The Elton John AIDS Foundation and Public Health England (PHE) have today (1 December 2014) announced that they will be working in joint collaboration on an exciting project that will address the issue of late diagnosis of people with HIV.
The jointly funded project, which will aim to reduce the number of people with HIV who don’t know they have the disease, will look at areas of the country where numbers of people without a diagnosis are high and how new innovative ways of working can contribute to changing the situation.
A new report published by PHE, in advance of last week’s National HIV Testing Week, showed that there are now nearly 110,000 people living with HIV in the UK. Around a quarter of these (26,100) are unaware of their infection and at risk of passing on the virus to others through unprotected sex.
Talking about the initiative Sir Elton John, said:
I can’t overstate the importance of testing for HIV to ensure an early diagnosis. HIV testing has never been easier and I am passionate that as many people as possible are tested, particularly in groups with increased risk, as early as possible and this is why this project is particularly exciting.
It is not good enough that a quarter of people with HIV are unaware they have it; by identifying and supporting these people we will make progress in tackling this epidemic.
Health Secretary Jeremy Hunt said:
There has been huge progress in tackling HIV but World AIDS day reminds us that we still face big challenges. Prevention and reducing transmission is our priority and we must make sure that testing is easily accessible, particularly for those at highest risk.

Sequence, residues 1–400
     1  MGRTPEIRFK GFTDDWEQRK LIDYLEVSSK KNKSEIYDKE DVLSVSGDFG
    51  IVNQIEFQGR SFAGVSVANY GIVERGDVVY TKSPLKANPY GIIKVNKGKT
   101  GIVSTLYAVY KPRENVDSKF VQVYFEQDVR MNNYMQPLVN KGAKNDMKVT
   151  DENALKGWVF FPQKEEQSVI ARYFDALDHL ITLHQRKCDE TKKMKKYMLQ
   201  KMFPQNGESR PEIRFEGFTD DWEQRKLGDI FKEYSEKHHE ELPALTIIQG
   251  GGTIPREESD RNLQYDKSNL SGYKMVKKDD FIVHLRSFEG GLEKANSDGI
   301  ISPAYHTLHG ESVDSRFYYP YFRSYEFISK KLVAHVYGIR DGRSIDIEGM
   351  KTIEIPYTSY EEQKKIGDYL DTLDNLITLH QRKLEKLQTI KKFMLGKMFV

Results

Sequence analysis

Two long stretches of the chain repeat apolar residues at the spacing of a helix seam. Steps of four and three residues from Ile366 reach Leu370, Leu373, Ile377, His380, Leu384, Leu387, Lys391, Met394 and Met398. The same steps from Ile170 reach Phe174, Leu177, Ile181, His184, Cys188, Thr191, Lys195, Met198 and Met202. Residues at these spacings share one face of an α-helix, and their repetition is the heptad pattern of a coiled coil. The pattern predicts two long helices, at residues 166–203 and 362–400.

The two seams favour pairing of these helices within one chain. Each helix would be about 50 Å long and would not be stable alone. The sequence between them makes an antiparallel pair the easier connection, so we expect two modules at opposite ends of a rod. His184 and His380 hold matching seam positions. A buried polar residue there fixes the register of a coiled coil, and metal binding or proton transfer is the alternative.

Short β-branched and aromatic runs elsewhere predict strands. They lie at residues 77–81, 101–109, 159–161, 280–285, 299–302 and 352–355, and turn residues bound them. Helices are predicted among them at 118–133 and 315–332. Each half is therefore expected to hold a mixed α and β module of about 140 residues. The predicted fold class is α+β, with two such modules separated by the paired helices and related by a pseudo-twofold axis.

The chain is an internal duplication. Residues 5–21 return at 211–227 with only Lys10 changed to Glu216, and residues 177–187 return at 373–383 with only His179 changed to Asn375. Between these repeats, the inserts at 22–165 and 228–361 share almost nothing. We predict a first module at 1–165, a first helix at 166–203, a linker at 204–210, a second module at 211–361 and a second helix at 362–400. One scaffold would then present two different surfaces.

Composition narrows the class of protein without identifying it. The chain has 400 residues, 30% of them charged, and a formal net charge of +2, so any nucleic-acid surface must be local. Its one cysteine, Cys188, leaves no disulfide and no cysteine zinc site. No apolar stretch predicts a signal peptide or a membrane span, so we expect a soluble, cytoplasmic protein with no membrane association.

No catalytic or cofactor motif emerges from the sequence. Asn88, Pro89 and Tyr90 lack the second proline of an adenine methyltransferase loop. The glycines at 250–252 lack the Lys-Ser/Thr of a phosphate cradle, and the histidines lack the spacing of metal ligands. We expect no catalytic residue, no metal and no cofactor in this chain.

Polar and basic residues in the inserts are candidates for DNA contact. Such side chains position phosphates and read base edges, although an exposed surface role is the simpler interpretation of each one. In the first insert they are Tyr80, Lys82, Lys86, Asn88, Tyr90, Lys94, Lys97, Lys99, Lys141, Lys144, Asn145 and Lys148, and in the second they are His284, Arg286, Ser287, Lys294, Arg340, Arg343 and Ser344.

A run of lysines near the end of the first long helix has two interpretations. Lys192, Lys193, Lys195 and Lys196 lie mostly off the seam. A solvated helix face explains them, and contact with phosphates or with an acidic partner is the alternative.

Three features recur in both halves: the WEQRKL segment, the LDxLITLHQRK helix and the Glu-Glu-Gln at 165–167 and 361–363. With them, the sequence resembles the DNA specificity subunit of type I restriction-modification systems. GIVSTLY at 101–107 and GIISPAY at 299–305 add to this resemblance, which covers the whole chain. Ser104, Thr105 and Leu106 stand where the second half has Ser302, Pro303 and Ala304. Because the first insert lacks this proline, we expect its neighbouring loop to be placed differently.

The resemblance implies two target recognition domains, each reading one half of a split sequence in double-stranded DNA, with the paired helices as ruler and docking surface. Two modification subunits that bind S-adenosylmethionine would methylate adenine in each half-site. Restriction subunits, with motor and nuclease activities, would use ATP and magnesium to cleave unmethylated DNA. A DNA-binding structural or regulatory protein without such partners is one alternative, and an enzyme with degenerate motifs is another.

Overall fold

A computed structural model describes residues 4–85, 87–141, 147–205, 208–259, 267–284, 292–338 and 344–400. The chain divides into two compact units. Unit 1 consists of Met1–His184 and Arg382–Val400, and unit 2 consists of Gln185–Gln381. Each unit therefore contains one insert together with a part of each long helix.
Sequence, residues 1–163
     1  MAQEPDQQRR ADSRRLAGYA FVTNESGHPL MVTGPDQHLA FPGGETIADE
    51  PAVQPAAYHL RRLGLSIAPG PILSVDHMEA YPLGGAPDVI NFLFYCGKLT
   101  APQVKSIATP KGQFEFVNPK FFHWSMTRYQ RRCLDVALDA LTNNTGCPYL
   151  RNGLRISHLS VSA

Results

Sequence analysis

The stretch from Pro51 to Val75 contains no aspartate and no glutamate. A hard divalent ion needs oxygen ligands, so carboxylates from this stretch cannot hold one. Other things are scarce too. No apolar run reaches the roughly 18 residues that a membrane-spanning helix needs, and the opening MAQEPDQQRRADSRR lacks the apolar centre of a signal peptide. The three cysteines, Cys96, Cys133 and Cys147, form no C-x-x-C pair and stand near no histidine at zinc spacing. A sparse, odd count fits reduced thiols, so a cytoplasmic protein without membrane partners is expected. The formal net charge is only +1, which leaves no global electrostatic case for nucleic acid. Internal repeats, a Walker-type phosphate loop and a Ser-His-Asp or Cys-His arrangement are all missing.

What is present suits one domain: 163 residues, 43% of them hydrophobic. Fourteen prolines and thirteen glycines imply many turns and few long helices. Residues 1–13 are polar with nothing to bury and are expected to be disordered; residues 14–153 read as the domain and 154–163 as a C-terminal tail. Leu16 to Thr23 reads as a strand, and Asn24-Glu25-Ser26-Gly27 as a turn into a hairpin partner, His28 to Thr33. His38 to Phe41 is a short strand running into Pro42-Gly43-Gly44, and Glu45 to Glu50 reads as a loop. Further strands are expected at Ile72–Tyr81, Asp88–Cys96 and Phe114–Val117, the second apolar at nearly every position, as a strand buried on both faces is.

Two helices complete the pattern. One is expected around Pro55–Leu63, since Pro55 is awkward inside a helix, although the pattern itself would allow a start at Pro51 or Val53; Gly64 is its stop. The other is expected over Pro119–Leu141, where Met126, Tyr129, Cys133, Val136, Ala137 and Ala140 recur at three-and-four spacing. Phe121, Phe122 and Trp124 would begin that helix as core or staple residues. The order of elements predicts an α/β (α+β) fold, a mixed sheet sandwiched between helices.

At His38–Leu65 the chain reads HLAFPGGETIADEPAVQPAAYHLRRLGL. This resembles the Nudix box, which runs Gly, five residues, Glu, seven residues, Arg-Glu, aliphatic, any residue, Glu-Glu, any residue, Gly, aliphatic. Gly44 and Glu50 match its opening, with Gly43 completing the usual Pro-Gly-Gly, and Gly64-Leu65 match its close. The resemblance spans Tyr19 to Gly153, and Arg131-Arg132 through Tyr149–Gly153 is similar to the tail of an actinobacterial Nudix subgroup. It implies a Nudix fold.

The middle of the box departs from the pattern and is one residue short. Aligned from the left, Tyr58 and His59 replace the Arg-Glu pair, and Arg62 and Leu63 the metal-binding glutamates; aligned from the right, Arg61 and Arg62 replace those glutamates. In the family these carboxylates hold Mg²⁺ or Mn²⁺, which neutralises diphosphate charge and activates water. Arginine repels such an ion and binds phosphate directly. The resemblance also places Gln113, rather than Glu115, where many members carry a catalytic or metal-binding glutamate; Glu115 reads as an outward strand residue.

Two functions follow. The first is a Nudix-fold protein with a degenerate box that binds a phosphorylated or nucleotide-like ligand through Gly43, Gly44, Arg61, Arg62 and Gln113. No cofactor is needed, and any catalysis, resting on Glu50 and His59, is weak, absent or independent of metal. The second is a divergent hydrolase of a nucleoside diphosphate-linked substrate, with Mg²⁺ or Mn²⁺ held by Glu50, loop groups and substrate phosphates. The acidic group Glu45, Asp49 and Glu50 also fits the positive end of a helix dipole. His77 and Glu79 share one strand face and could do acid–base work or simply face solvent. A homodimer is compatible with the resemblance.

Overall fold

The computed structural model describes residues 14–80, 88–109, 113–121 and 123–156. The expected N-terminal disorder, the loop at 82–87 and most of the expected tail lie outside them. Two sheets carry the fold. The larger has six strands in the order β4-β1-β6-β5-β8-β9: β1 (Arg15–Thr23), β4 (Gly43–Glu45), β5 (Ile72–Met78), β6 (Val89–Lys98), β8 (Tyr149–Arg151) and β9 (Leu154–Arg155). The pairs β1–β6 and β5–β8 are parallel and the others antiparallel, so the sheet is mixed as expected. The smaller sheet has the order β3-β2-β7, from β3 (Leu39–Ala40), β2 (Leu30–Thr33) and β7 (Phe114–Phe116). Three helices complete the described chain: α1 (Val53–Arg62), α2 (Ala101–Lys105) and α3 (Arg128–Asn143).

The Elton John AIDS Foundation is internationally renowned for its work on HIV. Their collaborative work with Public Health England to increase the numbers of tests for HIV from some of our highest risk groups will be an important contribution to our wider sexual health strategy.
Jane Anderson, expert advisor for HIV, sexual and reproductive health at PHE said:
People diagnosed promptly with HIV infection can expect to live long and healthy lives.
However, in 2013 people diagnosed with HIV late were 10 times more likely to die in the first year of diagnosis compared to those diagnosed promptly. Joint working such as this is key to raising awareness to people who remain unaware of their infection so they are also at risk of transmitting HIV to others.
We are continuously looking at new, innovative ways of working which will not only reduce the long-term cost of care, but also have a significant impact on public health.
Notes to Editors
- Read the full HIV in the UK 2014 report.
Photo courtesy of Elton John Foundation.